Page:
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DNI Will ‘Do Really Great Work’ To Clear Huge Clearance Backlog

Posted by Colin Clark on

Sue Gordon, PDDNI, at GEOINT 2018

GEOINT: It ain’t sexy, but the massive backlog of 730,000 clearance investigations is costing companies money, the Intelligence Community good people, and causing headaches for everyone. But the redoubtable Sue Gordon, principal deputy Director of National Intelligence (worst title for best job — PDDNI) told a packed room of some 3,000 intelligence professionals today that “this year we’ll do really great work on reducing the backlog.”

Her comments echoed those of Joseph Kernan, the Undersecretary of Defense for Intelligence (USDI), whose speech here yesterday contained little news except this gem:  “We will fix the background investigation process and the backlog. A cleared and trusted workforce, that’s what the objective is, inside and outside of government.”

Gordon told this morning’s audience that she met last week with a group of CEOs about the issue, so this is clearly on the front burner for the Intelligence Community.

ODNI graphic

Seal of the Office of the Director of National Intelligence

Why? “The cost of having a large backlog is massive,” Gordon said. But there are several parts to the issue. Decades after the first efforts to ensure one American’s Top Secret/Secure Compartmentalized Information is recognized by every agency. As Gordon noted, that is often not the case, although it’s supposed to be. Each agency has its own versions of what’s required for accessing their systems and facilities so just because you’re cleared may not mean you’re actually able to walk into a place you don’t normally work and do your job.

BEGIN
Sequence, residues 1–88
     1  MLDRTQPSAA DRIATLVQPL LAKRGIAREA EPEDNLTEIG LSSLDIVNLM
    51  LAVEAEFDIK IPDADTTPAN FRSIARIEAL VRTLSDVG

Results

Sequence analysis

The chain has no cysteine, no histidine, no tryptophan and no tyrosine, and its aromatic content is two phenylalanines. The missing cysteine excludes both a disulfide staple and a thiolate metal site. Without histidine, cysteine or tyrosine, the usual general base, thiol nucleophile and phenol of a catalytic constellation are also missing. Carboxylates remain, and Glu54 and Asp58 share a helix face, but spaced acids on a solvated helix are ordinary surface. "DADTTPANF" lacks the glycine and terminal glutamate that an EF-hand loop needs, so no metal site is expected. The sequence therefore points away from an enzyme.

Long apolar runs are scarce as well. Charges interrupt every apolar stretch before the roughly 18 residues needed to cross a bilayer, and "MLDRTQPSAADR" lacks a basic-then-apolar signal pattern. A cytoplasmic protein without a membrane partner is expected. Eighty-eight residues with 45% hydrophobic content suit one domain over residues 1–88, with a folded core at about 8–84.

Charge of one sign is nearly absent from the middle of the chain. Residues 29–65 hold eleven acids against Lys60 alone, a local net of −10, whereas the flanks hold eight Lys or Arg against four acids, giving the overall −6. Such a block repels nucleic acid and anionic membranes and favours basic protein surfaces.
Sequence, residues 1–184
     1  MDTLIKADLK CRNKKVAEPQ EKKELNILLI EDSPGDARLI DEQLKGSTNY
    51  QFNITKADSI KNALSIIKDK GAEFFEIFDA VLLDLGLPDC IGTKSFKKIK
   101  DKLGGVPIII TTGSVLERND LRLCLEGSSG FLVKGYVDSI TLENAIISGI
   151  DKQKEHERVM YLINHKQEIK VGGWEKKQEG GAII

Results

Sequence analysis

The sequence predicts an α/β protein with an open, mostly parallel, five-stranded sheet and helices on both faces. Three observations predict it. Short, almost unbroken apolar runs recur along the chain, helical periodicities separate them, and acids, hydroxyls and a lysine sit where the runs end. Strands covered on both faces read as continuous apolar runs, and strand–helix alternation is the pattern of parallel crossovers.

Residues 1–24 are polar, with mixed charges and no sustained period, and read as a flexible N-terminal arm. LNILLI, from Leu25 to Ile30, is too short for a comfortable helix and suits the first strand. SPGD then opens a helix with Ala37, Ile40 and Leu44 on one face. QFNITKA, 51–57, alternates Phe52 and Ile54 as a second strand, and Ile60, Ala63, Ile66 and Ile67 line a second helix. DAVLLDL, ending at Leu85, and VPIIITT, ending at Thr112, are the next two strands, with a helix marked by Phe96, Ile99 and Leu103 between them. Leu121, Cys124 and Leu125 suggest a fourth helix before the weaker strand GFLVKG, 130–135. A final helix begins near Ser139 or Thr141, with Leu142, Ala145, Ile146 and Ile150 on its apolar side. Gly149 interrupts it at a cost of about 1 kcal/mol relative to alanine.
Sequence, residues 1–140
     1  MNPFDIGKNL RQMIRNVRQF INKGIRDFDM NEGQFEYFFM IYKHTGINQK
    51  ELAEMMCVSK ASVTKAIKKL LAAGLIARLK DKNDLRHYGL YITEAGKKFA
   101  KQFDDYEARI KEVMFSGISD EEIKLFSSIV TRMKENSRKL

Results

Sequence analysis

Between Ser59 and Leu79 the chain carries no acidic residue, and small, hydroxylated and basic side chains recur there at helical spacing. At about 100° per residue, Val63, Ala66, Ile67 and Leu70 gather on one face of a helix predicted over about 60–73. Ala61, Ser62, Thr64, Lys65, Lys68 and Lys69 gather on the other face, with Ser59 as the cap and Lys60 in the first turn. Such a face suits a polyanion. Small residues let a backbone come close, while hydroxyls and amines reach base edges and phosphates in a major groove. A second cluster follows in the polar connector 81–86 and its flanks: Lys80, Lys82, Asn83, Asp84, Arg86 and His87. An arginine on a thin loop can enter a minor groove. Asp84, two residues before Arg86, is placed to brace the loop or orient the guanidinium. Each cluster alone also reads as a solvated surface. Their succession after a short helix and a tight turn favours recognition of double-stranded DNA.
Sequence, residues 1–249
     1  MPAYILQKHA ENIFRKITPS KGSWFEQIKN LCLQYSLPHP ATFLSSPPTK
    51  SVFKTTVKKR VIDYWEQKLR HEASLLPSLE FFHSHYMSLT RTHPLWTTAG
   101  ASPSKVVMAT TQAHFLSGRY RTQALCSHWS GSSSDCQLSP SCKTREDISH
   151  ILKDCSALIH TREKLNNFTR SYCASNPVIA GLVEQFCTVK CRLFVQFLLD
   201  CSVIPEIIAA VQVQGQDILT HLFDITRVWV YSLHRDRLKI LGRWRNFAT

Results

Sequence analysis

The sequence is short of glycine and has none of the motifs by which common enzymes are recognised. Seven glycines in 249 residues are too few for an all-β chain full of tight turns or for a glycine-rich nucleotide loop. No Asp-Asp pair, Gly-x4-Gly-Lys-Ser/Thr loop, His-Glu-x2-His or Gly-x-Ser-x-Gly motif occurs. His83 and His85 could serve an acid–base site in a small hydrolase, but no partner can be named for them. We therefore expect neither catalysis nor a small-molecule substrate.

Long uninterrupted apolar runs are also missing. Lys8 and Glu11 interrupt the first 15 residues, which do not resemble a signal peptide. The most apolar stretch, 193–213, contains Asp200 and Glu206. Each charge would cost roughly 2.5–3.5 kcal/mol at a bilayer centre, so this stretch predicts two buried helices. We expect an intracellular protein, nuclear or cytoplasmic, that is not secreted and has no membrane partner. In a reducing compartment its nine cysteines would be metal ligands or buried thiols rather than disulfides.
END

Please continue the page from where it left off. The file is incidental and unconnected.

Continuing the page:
In other tidbits, Gordon said the IC must focus on Artificial Intelligence and algorithm security. “We need to understand how algorithms make mistakes,” she said, noting that the IC is grappling with how to create an Artificial Intelligence Center. The Pentagon’s head of research and development, Mike Griffin, announced creation of a Joint Artificial Intelligence Center (JAIC) that would work with both DoD and the IC. We’ll have to see whether the IC wants its own effort, perhaps similar to the Intelligence Advanced Research Projects Agency (IARPA).

Gordon also pointed to a persistent problem the IC has faced. While committing the DNI to experimentation, she said it needs to be done “at scale.” As an example, she said “we’ll spend $1 billion on an overhead experiment and peanuts on the ground system.” Those who follow space know that the disconnect between satellites and ground station acquisitions has been persistent and damaging.

Finally, Gordon described NSA’s work on translation by AI as “stunning.” Nope. No details.

Best line from Gordon: “I love mowing my lawn. You look behind you and say, wow, I’ve accomplished something.” Yes, she has.

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